The Internet of Things (IoT) is growing exponentially everyday with experts weighing in on the warning signals of its associated risks to global security. Notable statistics cited on IoT include the research firm Gartner saying that IoT devices have increased 31% from 2016 to 2017, hitting 8.4 billion connected “things” this year, and that the number will surge to 20.4 billion by 2020. Accenture estimates the Industrial Internet of Things (IIoT) will add $14.2 trillion to the global economy by 2030 making the surge from industrial companies using IoT devices have a very positive effect on economies around the world. Steps need to be taken to ensure that manufacturers of IoT devices are equipped in producing cyber secure devices and new legislation is being proposed to address security issues.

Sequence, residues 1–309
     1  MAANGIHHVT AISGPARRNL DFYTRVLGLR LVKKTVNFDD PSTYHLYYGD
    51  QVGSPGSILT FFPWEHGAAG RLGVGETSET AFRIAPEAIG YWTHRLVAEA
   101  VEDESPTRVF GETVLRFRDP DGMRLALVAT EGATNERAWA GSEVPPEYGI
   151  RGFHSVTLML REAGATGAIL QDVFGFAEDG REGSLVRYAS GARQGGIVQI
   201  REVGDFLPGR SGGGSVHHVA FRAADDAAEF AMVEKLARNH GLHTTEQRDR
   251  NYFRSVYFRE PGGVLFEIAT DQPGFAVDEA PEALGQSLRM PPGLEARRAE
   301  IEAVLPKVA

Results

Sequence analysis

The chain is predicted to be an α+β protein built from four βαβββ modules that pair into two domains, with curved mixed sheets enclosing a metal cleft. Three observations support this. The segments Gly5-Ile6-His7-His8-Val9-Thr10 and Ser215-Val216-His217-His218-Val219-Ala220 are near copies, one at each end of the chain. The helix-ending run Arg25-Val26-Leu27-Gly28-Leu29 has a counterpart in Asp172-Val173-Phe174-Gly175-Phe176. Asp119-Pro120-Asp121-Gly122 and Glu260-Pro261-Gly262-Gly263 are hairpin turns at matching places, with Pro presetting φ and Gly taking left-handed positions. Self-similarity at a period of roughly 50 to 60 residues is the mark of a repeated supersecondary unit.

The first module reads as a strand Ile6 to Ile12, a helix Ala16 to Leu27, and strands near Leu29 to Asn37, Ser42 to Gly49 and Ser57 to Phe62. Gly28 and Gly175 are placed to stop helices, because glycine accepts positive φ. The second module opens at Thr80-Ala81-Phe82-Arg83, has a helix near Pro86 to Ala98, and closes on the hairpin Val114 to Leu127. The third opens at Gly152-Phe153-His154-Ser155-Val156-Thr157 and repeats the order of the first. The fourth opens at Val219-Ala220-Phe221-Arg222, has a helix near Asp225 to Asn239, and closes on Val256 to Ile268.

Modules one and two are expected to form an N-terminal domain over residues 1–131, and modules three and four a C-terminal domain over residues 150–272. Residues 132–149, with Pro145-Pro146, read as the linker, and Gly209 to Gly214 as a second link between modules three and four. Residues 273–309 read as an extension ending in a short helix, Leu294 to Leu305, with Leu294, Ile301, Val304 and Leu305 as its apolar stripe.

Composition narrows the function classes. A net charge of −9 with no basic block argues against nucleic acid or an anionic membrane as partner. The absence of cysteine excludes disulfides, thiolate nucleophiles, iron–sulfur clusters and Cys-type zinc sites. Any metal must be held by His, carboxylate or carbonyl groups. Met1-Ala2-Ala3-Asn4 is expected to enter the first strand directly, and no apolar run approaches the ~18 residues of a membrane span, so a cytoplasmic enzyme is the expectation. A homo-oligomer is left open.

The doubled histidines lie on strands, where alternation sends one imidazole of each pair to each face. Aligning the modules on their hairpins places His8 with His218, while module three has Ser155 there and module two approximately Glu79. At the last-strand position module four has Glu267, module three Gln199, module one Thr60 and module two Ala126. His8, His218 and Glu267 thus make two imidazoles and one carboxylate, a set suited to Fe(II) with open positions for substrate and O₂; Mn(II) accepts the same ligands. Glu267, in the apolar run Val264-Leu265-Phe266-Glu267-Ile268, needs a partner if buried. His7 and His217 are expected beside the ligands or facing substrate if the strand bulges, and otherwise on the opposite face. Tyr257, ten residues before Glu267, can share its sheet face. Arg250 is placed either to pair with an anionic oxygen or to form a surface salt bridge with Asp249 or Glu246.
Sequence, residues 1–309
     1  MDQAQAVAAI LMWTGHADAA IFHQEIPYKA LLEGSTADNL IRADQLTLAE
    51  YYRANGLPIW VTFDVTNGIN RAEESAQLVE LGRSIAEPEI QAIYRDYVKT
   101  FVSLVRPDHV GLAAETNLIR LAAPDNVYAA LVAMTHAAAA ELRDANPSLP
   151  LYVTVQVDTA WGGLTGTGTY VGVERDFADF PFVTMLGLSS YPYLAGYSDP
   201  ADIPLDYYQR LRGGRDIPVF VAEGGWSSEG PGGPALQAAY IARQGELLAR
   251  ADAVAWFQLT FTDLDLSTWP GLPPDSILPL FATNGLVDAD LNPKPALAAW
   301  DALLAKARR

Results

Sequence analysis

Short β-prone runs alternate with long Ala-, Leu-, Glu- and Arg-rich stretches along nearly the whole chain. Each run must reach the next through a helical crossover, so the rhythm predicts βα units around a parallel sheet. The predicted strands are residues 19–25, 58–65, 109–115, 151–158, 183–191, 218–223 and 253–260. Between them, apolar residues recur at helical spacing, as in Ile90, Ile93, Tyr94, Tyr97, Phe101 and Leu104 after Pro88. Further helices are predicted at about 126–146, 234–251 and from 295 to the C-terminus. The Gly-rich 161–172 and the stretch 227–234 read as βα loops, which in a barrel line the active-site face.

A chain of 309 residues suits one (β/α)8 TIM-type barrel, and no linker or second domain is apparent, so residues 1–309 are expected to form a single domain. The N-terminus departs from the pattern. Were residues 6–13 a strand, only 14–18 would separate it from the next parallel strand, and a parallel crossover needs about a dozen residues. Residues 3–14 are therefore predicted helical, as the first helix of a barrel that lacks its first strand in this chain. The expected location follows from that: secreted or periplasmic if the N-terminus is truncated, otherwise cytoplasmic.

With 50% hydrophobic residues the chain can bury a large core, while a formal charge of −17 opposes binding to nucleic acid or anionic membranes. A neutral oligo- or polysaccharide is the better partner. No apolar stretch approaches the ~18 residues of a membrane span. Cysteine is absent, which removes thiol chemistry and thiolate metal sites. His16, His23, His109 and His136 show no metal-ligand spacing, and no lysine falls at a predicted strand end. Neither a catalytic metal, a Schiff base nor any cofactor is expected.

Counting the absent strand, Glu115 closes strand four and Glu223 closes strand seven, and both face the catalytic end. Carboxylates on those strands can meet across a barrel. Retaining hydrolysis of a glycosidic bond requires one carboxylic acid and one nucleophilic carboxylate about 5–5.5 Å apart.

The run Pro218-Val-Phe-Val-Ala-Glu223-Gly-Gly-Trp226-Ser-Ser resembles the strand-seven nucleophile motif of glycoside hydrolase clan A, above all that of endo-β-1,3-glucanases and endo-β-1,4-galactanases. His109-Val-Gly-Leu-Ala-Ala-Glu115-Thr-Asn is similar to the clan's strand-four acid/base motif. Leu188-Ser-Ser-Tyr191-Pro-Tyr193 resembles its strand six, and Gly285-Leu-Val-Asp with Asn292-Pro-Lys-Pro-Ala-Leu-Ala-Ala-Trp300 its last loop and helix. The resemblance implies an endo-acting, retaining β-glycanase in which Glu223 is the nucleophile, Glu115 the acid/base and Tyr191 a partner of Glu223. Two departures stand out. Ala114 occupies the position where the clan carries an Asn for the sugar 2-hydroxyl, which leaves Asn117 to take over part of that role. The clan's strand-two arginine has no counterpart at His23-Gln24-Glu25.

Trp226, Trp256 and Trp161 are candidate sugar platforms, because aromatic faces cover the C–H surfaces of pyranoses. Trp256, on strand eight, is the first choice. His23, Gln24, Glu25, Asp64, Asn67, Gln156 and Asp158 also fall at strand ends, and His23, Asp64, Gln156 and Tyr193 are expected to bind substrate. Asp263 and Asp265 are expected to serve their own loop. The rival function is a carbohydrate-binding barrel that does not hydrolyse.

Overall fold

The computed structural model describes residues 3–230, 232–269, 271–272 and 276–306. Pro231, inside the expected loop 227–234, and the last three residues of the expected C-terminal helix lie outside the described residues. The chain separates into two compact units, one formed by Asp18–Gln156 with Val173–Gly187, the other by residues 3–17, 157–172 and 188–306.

As a start to try and fix the potential massive security problem imposed by IoT, lawmakers in the U.S. Senate introduced a bill in early August that would apply to vendors supplying the US federal government by setting baseline security standards and use of a broad range of Internet-connected devices, including computers, routers and security cameras. The new bill, Internet of Things Cybersecurity Improvement Act of 2017, was introduced by Sens. Steve Daines (R-Mont.), Cory Gardner (R-Colo.), Mark Warner (D-Va.) and Ron Wyden (D-Ore.). As an example, the bill would require vendors of Internet-connected devices purchased by the federal government be ensured that their devices are patchable, rely on industry standard protocols, do not use hard-coded passwords, and do not contain any known security vulnerabilities. For more information on the new legislation, read full article here.